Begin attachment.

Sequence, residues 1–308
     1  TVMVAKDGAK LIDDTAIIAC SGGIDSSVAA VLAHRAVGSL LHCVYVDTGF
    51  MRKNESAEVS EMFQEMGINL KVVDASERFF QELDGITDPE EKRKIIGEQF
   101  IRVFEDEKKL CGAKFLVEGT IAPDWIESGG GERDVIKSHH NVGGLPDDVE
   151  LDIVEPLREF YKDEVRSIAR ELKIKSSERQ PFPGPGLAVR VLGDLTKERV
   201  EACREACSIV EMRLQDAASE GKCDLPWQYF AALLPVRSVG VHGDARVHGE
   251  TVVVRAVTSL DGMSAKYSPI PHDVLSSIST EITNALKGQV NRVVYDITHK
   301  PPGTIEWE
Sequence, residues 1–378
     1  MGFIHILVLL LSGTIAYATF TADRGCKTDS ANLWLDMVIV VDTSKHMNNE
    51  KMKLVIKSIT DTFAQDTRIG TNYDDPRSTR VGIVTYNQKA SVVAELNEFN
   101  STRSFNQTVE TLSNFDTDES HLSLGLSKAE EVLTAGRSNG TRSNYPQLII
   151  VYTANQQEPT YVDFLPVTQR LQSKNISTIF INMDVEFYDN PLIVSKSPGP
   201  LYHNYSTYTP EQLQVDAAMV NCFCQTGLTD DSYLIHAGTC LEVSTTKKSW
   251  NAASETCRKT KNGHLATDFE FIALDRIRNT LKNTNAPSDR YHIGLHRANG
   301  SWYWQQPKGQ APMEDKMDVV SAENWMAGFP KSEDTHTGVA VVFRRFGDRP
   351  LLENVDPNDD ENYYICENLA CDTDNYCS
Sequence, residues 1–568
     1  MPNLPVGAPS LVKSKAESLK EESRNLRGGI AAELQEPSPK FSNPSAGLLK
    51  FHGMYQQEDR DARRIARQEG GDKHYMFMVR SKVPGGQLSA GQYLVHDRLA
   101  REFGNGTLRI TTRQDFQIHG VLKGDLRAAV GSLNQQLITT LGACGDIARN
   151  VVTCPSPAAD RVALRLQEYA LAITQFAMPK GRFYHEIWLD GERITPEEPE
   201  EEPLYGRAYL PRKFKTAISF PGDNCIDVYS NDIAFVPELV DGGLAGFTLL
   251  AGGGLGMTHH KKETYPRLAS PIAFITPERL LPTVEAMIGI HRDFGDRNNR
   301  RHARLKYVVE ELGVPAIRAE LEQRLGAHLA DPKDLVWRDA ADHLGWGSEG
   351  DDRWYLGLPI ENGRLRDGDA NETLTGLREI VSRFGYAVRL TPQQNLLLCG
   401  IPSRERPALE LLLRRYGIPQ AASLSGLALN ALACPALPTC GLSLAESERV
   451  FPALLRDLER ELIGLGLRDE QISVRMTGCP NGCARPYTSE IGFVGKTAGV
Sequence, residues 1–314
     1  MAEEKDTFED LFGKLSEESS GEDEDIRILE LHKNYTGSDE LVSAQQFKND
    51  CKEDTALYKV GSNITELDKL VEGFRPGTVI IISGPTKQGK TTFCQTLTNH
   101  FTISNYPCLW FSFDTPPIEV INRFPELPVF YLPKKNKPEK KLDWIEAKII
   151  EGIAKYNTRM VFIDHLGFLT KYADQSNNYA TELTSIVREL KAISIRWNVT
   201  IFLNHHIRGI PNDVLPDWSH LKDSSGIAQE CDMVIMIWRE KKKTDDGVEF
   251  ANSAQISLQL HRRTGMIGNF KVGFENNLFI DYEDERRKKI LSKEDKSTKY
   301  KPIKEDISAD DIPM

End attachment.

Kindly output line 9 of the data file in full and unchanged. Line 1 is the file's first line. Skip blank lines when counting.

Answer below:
Sequence, residues 1–378